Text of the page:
Base price: $20.
2 – 5 players.
Play time: 15 – 20 minutes.
BGG | Board Game Atlas
Buy on Amazon (via What’s Eric Playing?)
Logged plays: 5
Full disclosure: A review copy of Legendary Forests was provided by Iello.
Alright, back with more games I picked up at Gen Con! To be fair, this was more of an Origins release, stateside, but you know, time details. Anyways, I have it now, and I’m going to talk more about this and a few more games from Iello in the future (Little Town and SOS Dino, both of which are pretty exciting). Let’s dive right into it and see how it plays!
In Legendary Forests, you play as forest spirits eager to create a new world. Naturally, you are creating distinct worlds, so you’d rather make sure that your world is better than your opponents! It wouldn’t be fair if you got special preferences, though, so everyone will be given the same tools with which to construct their world. Will you be able to create a better world than your peers?
Not a ton of setup, thankfully. Just give every player a set of tiles:
They should be numbered 1 – 25. All players should place the 1 in front of them to start their play area. Have every player but one sort their remaining tiles face-up in front of them., and then have the other player shuffle their stack. This player will be the Architect. The Architect should remove 5 tiles from the stack and place them out of play without looking at them. Once that’s done, also set out the trees:
There should be two of each tree color per player. Once you’ve done that, you’re ready to start!
Legendary Forests is a game of competitive forest-building. As you do. In it, you play as forest spirits eager to prove that they are truly the best when it comes to arboreal construction.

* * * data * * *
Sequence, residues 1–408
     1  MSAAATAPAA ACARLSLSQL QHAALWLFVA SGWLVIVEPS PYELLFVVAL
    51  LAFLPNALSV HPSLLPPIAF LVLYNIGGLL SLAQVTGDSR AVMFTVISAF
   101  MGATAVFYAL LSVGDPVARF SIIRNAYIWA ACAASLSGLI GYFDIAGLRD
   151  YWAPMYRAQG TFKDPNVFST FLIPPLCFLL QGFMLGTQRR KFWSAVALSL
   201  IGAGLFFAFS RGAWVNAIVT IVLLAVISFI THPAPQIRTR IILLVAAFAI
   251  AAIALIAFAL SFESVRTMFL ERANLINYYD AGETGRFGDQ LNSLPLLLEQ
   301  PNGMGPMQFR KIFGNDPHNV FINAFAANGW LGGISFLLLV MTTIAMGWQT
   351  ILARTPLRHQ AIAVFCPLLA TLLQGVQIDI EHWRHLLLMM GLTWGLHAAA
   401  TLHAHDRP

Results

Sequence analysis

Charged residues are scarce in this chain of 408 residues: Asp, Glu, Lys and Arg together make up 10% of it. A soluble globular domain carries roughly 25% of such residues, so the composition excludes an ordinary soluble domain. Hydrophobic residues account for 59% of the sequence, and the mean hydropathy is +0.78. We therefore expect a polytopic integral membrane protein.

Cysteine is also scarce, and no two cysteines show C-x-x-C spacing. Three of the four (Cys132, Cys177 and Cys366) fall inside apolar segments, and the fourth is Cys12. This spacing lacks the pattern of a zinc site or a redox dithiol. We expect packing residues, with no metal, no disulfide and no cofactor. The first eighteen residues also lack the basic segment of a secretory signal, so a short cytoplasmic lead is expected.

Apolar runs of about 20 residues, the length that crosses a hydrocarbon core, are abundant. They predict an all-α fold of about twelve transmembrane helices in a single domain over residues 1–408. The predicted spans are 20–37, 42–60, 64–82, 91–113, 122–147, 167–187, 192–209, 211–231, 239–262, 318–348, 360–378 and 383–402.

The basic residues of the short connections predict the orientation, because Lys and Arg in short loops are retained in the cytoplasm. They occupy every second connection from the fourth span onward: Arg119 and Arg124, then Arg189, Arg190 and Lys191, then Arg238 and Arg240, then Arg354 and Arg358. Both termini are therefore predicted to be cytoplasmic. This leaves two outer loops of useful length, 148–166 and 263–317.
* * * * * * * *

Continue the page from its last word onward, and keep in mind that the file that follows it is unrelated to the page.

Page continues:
There aren’t really turns; instead, each round, the Architect will reveal a tile and all players will add it to their play areas. As with most tile-laying games, the two edges of the tiles you connect must match and you have to place a tile such that it matches up edge-to-edge against another tile.
Every time a tile with a white circle around the number is revealed, all players may add a tree token to their forest. This starts with the player currently holding the first-player token. Each player may take a tree of any color and add it anywhere on their board such that it’s clearly in a space matching its color. There is no benefit to having more than one tree in an area, so try to avoid that if you can.
Once the final tile is drawn, the game ends! Tally your scores by looking at every area with a tree. Each tile edge forms half a runestone, so two adjacent tiles form a complete runestone. Count the number of runestones and then check whether or not the area with the tree is completed (enclosed on all sides):